Skin tags are benign (non cancerous) tumors which form on the skin as a large flat scaly area, sometimes with a coloration difference that gives them the appearance of a flat mole. The skin tag may feel rough and stiff like a scab or callus, and essentially has the appearance of a scale growing on the skin. Some tags protrude on stalks, resulting in a pendant-like appearance. Skin tags happen to roughly sixty percent of adults at some time in their lives; they generally begin to occur in middle age, and occur more commonly in women than among men.
Irritations and Annoyances Caused by Skin Tags
No one has identified a definitive single cause of skin tags, although genetics probably play a role, and they are often associated with cases of diabetes mellitus and obesity. Skin tags may appear anywhere on the body, although the most common skin tag sites are chest and armpits, neck and back, and groin. They may appear one at a time, or in groups. Skin tags aren’t a contagious condition.
Skin tags are entirely harmless in their own right, and not a cause for broader concerns about your health, but they can cause annoyances depending on their appearance and location. Skin tags on the face or neck can make a person feel self-conscious, and skin tags can be located in spots where it’s difficult to avoid irritation—such as in the path of a bra strap, for example, which can rub and irritate the skin tag and cause it to be more than a minor irritant. There are some essential oils available on the market which is purported, with regular application, to eliminate skin tags; however, this approach is slow acting and not guaranteed to be fully effective. If a skin tag is causing significant problems, a physician can assist you with removal options.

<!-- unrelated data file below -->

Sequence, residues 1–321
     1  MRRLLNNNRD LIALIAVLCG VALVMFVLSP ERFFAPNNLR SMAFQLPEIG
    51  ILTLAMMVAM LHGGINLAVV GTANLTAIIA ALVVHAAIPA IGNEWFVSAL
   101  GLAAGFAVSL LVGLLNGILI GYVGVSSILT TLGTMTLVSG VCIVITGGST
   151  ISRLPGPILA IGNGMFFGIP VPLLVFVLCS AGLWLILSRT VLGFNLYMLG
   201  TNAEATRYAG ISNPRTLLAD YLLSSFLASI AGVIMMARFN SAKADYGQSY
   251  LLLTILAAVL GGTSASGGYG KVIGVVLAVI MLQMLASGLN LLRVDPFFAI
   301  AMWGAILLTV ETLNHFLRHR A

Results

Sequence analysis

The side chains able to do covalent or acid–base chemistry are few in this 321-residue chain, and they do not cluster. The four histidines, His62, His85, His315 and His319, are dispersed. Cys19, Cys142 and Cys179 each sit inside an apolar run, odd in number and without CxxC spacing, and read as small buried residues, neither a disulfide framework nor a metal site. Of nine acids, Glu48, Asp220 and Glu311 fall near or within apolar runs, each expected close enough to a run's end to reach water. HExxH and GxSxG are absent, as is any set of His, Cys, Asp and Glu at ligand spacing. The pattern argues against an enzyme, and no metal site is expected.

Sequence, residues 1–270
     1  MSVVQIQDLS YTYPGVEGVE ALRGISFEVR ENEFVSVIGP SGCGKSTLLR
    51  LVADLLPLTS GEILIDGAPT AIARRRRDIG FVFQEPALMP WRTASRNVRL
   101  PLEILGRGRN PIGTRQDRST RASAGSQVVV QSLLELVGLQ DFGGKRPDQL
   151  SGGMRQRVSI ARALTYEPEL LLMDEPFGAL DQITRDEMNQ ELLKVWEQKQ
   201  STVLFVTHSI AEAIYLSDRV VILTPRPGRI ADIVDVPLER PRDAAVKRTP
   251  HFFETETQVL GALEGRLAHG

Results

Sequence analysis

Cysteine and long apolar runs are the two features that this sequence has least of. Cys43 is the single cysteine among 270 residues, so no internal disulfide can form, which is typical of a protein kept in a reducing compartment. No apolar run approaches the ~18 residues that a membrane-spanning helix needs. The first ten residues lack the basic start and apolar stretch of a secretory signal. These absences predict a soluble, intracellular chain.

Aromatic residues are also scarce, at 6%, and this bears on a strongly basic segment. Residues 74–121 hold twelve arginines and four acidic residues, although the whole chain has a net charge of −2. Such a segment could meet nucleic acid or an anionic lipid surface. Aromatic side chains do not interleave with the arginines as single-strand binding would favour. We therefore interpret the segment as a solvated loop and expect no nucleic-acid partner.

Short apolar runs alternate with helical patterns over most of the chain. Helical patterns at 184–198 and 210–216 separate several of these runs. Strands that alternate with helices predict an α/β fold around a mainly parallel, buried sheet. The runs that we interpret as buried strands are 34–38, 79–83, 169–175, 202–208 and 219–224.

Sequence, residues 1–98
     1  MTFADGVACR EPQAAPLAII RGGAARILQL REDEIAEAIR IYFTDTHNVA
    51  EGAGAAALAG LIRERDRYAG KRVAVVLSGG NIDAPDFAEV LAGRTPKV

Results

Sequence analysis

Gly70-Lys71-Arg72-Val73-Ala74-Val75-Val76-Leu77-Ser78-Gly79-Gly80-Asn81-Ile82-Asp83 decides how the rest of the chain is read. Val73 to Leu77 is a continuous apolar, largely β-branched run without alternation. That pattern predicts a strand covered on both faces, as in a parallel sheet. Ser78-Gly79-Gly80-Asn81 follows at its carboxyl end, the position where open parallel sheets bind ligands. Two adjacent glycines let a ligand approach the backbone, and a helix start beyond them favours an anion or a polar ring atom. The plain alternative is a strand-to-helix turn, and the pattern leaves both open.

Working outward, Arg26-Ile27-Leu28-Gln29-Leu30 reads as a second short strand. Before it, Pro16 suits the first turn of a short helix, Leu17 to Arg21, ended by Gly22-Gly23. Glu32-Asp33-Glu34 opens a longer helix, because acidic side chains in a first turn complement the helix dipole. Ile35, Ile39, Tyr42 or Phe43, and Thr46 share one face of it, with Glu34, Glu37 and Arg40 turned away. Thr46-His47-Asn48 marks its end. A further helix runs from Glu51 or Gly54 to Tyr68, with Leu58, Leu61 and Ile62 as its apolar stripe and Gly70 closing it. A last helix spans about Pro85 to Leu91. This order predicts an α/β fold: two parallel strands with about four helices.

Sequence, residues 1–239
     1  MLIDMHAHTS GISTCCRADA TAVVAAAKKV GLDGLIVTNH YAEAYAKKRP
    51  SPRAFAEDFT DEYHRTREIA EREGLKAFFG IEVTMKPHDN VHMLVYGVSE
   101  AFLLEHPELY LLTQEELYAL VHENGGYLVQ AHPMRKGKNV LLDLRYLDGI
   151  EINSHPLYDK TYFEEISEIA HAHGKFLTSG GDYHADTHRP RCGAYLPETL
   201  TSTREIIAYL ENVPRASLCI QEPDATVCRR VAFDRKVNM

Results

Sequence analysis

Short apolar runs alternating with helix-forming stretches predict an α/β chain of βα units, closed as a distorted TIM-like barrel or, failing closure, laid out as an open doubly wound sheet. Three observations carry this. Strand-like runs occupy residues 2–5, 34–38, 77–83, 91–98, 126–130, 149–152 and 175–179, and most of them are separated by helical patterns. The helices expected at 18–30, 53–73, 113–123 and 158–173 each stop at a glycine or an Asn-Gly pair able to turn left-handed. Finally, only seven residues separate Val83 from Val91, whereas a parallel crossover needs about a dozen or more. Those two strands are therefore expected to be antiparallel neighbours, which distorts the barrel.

Skin Tag Removal
In many cases, patients choose to have skin tags removed for no reason more serious than appearances. Particularly if the skin tags have become prominent in an area of the face, a person can feel self-conscious about their appearance. Skin tags in the genital area can particularly cause embarrassment, as they could be mistaken for genital warts—which are similar in appearance, but a much more serious condition, not to mention contagious. For a person concerned that an intimate partner would mistake the appearance of skin tags for a more embarrassing (and health-threatening) condition, the best option may be removal.
A physician can surgically remove skin tags by several methods, including a simple slice with a scalpel, a laser removal, or electro cautery. Any of these can leave a slight scar, although the scar is generally less unsightly than the original skin tag had been, and further diminishes over time. Of the surgical removal options, laser removal is likely to scar the least. Another option for removal of skin tags is cryogenic removal, or freezing them off with the application of liquid nitrogen. This method can result in scarring just as surgical removal does.